Volvo is on a quest to provide cars that cannot kill or even crash. The V40, due early next year from about $40,000, is designed to be the safety king's safest car yet.
Yet when I think of Volvo's goals of zero crashes, zero deaths, the "zero" word has me recalling a chilling moment in a Volvo S80.
I had stopped at a T-junction with the intention of turning right. Traffic was clear both ways, except for a rubbish truck to my left. But it was edging up the hill away from me, doing its bin-slinging thing.
So I dismissed it from my mind.
I was about to casually potter away from the Stop sign when the 20-tonne monster flashed in front of me in reverse. The driver had finished the bins and now wanted to turn into the street I was in.
No doubt this was his weekly manoeuvre and done at hurtling speed to boot.When I got home, still pale, I opened the boot to take out the gas bottle I had bought and filled that morning. Whoa, I was overcome by the odour of a bootful of gas, the bottle being faulty.
So, even had I survived a rubbish-truck impact, an explosive fireball would surely have followed. Heaven knows what crash investigators would have made of the scorched crater, not to mention the shrapnel, rubbish and motoring writer strewn over the suburb.
The crash-safety structure of a Volvo is the next safest thing to using a military tank as your mode of transport.
But I can't see how the S80 could have coped with such crazy circumstances - a truck-driving loosehead, bootful of explosive gas and me in la-la land.
So to the V40, a five-door hatch about the size of a Ford Focus or Toyota Corolla.
It's one bright cookie. Even if the driver is in la-la land, the V40 can avoid hitting other vehicles and iPhone-engrossed pedestrians. It is even able to decipher road signs.
Sounds sci-fi but it's all real.
Unlike most of us, the V40 doesn't suffer from moodiness or fatigue but it can tell when you're not quite in the right state for safe driving.
If you wander from your lane, the attentive vehicle will straighten the steering wheel for you. If your driving's still errant, the steering wheel will shudder to simulate the effect of tyres hitting rumble strips.Should the car strike a wayward walker, it will be with padded gloves - via the world's first pedestrian airbag.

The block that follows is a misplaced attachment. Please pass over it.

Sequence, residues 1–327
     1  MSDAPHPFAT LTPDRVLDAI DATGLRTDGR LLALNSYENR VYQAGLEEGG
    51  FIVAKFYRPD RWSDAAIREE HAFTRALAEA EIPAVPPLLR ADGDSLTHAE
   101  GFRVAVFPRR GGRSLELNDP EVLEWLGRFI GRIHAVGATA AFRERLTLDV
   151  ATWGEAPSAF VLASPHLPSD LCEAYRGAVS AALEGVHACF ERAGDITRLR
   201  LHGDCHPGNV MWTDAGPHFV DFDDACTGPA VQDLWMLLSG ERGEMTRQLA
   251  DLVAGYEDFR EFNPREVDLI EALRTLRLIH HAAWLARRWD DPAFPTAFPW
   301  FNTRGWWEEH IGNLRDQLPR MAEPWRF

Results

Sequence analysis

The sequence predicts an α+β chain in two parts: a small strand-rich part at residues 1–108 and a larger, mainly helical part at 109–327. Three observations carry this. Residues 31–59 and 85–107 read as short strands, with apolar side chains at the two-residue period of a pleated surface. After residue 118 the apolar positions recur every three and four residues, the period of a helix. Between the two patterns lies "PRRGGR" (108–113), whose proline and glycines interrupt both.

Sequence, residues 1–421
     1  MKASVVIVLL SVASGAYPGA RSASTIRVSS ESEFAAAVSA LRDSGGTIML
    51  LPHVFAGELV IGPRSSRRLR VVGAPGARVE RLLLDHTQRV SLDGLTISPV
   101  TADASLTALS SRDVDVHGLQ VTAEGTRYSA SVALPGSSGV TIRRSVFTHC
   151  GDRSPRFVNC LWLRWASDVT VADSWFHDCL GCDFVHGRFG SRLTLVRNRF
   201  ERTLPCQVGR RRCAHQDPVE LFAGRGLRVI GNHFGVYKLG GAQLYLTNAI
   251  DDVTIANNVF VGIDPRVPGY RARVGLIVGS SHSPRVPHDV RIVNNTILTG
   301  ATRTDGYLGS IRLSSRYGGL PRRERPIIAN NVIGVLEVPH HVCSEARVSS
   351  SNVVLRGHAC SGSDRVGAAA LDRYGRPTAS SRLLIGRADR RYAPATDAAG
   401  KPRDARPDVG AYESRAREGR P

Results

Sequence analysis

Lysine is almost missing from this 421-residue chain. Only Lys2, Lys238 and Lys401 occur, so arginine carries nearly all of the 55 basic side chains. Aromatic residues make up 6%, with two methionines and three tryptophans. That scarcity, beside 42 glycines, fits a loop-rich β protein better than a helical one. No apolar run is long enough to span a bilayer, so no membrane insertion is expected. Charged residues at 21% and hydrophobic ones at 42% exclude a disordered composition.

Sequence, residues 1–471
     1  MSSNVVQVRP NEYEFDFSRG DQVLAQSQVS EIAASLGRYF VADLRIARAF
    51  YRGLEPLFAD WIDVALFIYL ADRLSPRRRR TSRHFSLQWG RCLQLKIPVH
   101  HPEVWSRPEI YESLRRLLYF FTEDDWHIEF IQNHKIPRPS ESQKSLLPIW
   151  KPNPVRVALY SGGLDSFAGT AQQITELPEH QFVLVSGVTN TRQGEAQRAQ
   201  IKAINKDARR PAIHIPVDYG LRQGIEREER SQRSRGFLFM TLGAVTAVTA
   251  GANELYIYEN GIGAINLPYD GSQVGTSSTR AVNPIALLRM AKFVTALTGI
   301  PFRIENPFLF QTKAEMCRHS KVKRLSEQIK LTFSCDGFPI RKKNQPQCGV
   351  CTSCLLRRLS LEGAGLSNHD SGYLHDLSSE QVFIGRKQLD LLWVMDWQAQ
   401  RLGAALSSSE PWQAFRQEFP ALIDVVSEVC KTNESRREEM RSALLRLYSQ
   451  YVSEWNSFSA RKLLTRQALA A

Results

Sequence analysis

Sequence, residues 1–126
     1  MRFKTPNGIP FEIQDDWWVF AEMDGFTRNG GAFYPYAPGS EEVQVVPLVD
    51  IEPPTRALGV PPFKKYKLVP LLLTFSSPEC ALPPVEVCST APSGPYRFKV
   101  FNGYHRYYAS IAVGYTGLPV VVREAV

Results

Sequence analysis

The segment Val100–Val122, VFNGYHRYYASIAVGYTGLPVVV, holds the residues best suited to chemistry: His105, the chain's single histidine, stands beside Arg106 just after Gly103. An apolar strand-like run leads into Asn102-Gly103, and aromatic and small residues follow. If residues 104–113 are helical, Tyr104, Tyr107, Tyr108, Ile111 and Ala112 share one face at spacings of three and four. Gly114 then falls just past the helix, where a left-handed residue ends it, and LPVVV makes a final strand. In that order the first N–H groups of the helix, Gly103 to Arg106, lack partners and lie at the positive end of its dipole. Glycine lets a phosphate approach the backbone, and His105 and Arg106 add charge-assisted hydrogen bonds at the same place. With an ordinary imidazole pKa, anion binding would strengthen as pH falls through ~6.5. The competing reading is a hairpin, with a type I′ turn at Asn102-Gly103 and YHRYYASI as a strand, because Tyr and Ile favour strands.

When you arrive at your destination, the press of a button will ensure your parallel parking manoeuvre is perfect every time.
And how about this.
You alight from the supermarket, frazzled and arms full. It's hailing and you haven't the foggiest where your car is.
Scramble for your phone and the smarty-pants V40's smartphone app will point you in the right direction.
The password-protected phone app, which can be accessed by up to five people, also allows users to monitor the car even while off sipping a latte somewhere. They can check fuel levels, service issues, be alerted to a break-in and unlock the doors if the key is lost.
But here's my favourite - extra eyes when leaving the dreaded supermarket carpark. While you're reversing, sensors will spot cars and shopping trolleys up to 30m away.
Though rampaging rubbish trucks might still test the Volvo V40's crashworthiness, this is a car that's brighter than the average driver.
The only question is whether such a car excuses driver inattention too much. Getting out of la-la land is the safest move a driver can make.
A camera scans the road ahead for pedestrians and the system will issue alerts then apply the brakes if needed.
Active from 20 to 50km/h, sensors in the bumper detect contact with a pedestrian. Within 300 milliseconds, the bonnet lifts 10cm, a crumple zone forms and a U-shaped airbag inflates.
Up to 50kmh, the City Safety system can detect a potential rear-ender, warn the driver and apply the brakes.
Active from 65 to 200km/h, the system's camera identifies lane drifting. Responses include vibration of the steering wheel to rouse the driver.
Radar sensors alert you to cars and trolleys as you back out of carparks.
Makes parallel parking easy, automatically steering into the space.